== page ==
I've been thinking about investing in real estate for some time. It's mostly been on the back burner, but I think it's time to get more active in the community. So, hello, I'm Luke. Nice to meet you all!
I had a question regarding the remoteness of potential investment properties. I live in SF, and I've heard that the rental market around here is notoriously difficult and expensive. Moreover, the laws in SF (perhaps California in general?) seem to be significantly biased toward the tenant. I don't proclaim to be an expert on either of these topics, but this is the general picture I've put together in my head. With this in mind, I'm not sure that SF is the right place for me to start my REI journey.
I've spoken to a friend of a friend who lives in the Bay Area but has actually bought and currently rents multiple properties in Texas. I'm thinking that I should perhaps do something similar? It seems like a strong option, but at the same time it seems super daunting to own properties in another part of the country. In addition, he has the benefit of growing up in that area of Texas, whereas I grew up relatively close to SF. Therefore all other markets are completely foreign to me.
My concerns boil down to the following:
- Is this at all feasible?
- Am I essentially forced to use a property manager?
- How can I properly assess the properties without flying out there to see them myself?
- Do taxes become significantly more complex?
- This is scary.
Thanks for taking the time to read this -- I appreciate any help/advice that anyone might be able to send along.
I would recommend doing this if you have a trusted network or source in that area. Maybe someone who can scope out the property quick for you...
Welcome @Luke Morris
I have read similar posts to yours quite a few times. I believe that the key to successfully investing in real estate in another state or country is not about the stats or demographics of a particular area but rather the group of people established on the ground. This can take time to do but its time well spent IMO.
I have seen and heard of to many horror stories with investors jumping in to soon and getting screwed over by shady operators.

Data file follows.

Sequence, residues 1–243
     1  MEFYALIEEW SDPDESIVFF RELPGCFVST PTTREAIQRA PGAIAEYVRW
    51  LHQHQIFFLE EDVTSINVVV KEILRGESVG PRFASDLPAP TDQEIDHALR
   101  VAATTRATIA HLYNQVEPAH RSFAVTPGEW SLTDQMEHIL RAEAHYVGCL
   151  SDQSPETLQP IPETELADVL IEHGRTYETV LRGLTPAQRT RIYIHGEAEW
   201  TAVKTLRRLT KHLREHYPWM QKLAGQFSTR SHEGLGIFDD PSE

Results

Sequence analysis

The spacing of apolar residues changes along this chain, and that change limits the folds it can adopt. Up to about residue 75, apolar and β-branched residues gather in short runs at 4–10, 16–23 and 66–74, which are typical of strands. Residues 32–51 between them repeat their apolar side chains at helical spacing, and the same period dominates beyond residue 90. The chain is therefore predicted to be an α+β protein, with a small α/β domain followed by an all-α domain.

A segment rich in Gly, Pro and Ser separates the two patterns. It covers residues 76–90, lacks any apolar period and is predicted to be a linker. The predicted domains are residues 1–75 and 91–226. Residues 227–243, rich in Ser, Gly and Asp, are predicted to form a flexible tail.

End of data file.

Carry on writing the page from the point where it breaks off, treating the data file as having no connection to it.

Thanks for reading and have a great day.
In my experience, I have had good luck at purchasing rentals out of state, but not in doing rehabs out of state. I suggest you either have someone you know and trust to manage locally or get a good property manager. I would much prefer to have properties locally to keep an eye on things, but I concur that having local experts that you trust is the next best thing. Good Luck!
Larry Goins is kind of the guru on this type of thing. I think it has potential, but it's always risky doing things like that.
I've bought properties sight unseen, I wouldn't recommend it, but mine were fine as I had an appraiser that I knew personally and trusted, he did the appraisal and later inspected again for me. In a case where you really have someone qualified to assess value and who knows the market, I can see going there, otherwise I'd say someone was nuts.
Top of the 9th, not looking good for the Cards :(
Bill Gulley, General Real Estate Academy | https://generalrealestateacademy.com
I bought my 4-plex in Phoenix, AZ pretty easily. Although I will admit that I did do a drive buy of the property before buying it. As for everything else:
- I was not present for the inspection or appraisal, but my RE Agent was and she took dozens of pictures. Also the inspector, and the appraiser, and the person doing the termite inspection all took photos as well. Certainly worth what I paid these people
- Every form or document for the RE Agent that I needed to sign I did online with my computer and the rest of the work by phone, I worked with her almost completely by telephone, only seeing her two times, the day I drove up to look at the property, and the day I closed.
- Every form or document for the mortgage provider that I needed to sign I did online with my computer, I never met these people face to face
- I had the seller send me all the financials, the rent rolls, the current leases, the SPDS, etc. via e-mail.
- I worked with the title company once again completely online and by phone, signing forms, and I wired them the earnest money and down payment from the bank less than a mile from my house.
I could have closed the deal remotely, however I was working on a short timeline for the seller, so I had to make the 3.5 hour drive up to Phoenix. While I was in Phoenix, I met with my agent again, met the seller, met my property manager for the first time, and got the deed and keys to the property. All of this could have been done remotely without much effort.
@Luke Morris I suggest that if nothing else, you visit the area where you will be buying first, and you meet with the RE Agent you will be working with before you buy anything. A plane ticket to wherever you are investing, and a couple of days looking at properties and meeting with possible team members will be more than worth it, especially since we are talking about spending tens of thousands of dollars.
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You can certainly buy out of state. I recommend you find a property manager you trust implicitly. All of my rentals are about 4 hours from me and my property manager makes them easy to run remotely.
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